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Tue, 22 September 2020

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WATCH: Parliament move to York 'highly unlikely', says Jacob Rees-Mogg

WATCH: Parliament move to York 'highly unlikely', says Jacob Rees-Mogg

Jacob Rees-Mogg said a move to York is unlikely

2 min read

Moving both Houses of Parliament to York while major works are carried out in Westminster is "highly unlikely", Jacob Rees-Mogg has admitted.

The Commons leader said the need for close proximity to the Queen made the northern transfer a doubtful option.

It follows reports of Boris Johnson floating the city as a "possible location" for a temporary move while the multi-billion pound renewal project, due to get underway in the mid-2020s, is carried out. 

Conservative MP Bernard Jenkin used a debate on Thursday as an opportunity to question Mr Rees-Mogg on whether he envisaged lawmakers returning to the Houses of Parliament when works are complete.

"He has laid great emphasis on saving the building, the Palace of Westminster, but can he just clarify it is the policy of the government that it should be saved in order that it should be the home of our national parliament permanently?," he said.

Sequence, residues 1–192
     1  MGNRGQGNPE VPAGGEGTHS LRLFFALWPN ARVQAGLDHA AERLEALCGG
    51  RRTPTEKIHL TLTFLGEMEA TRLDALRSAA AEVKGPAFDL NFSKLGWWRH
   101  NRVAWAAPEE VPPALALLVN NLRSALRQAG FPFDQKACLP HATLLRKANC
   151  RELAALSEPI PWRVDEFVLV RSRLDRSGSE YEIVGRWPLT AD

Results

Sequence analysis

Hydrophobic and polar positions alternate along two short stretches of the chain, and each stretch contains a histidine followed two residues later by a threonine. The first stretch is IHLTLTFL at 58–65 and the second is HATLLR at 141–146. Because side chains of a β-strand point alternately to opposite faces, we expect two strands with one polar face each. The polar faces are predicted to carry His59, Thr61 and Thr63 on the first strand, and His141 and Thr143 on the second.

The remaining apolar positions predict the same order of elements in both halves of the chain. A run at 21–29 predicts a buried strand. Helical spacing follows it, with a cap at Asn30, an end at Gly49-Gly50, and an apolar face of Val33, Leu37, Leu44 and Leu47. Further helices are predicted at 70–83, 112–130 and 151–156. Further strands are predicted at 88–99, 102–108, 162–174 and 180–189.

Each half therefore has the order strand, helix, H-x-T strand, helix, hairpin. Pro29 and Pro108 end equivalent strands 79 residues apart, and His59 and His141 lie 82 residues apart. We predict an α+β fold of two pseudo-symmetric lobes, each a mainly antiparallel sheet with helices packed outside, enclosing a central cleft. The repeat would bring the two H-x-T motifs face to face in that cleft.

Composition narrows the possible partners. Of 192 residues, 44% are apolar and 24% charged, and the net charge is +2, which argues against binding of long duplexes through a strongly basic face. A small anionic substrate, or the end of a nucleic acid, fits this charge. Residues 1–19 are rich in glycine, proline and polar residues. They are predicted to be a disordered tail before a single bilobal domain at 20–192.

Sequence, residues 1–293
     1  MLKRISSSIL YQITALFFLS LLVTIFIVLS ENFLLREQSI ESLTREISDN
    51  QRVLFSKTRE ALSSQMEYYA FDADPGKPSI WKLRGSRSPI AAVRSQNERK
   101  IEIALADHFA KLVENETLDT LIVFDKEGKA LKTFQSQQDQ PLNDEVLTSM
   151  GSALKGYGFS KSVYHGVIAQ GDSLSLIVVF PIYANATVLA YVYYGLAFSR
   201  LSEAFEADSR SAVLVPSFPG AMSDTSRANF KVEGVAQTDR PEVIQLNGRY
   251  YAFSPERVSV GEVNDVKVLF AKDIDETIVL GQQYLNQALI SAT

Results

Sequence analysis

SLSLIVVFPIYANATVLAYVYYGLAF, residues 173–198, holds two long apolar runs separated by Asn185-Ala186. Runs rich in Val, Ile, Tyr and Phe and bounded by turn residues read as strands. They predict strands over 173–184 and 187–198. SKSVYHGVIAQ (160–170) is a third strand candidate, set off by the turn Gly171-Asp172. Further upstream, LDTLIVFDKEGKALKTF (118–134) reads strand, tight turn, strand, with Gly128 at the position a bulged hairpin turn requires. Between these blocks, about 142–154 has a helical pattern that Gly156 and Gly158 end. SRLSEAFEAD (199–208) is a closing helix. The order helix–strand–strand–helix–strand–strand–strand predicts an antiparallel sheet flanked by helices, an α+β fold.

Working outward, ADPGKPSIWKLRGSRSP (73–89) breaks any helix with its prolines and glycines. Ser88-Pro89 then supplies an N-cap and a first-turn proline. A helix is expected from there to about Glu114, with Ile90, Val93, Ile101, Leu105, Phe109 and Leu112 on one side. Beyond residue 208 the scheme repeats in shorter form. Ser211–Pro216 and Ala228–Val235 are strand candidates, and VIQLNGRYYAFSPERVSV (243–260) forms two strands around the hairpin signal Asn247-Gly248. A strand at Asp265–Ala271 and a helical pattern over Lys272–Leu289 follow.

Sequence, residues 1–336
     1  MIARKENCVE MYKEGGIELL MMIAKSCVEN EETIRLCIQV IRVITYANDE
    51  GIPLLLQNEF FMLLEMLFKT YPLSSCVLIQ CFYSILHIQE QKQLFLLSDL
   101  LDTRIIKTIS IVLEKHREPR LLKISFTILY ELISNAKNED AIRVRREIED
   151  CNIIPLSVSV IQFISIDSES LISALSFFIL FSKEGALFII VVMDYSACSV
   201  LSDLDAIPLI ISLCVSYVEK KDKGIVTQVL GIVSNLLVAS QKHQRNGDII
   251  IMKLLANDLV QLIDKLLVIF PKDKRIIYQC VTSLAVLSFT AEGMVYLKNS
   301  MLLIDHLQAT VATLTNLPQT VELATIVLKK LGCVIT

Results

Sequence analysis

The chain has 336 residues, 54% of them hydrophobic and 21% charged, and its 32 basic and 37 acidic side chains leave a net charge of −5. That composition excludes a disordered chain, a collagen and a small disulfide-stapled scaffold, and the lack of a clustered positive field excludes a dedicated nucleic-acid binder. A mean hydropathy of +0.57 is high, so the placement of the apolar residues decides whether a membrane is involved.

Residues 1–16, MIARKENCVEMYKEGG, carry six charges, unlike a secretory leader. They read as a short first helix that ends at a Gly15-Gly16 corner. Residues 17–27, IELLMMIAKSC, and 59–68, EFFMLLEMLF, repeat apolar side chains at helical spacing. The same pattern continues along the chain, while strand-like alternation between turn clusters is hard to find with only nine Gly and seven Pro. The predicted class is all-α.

Mr Rees-Mogg, whose office leads on the restoration project, said: "I would remind my Honourable Friend between 1305 and 1335, Parliament met in York 11 times. But when Edward IV tried to get it to move to York, it was unsuccessful.

"And so it will end up being a matter for Parliamentarians as to where this House sits, though strictly speaking, the meeting of Parliament is called by the sovereign, to her palace at Westminster, and that I think is something that would be highly unlikely to change without the acceptance of Parliamentarians."

The Commons leader described the Houses of Parliament as "the home, the throne, the palace of our democracy".

MPs and peers are expected to be out of their Westminster World Heritage Site base for up to five years as part of the plans, billed as “the biggest heritage restoration ever undertaken in the UK”, but no final decision on where they will go has yet been put forward.

The PM said that while London locations including Richmond House, City Hall and Westminster’s QEII Centre as possible sites for a relocation, “the review should also consider a possible location outside London”.

 

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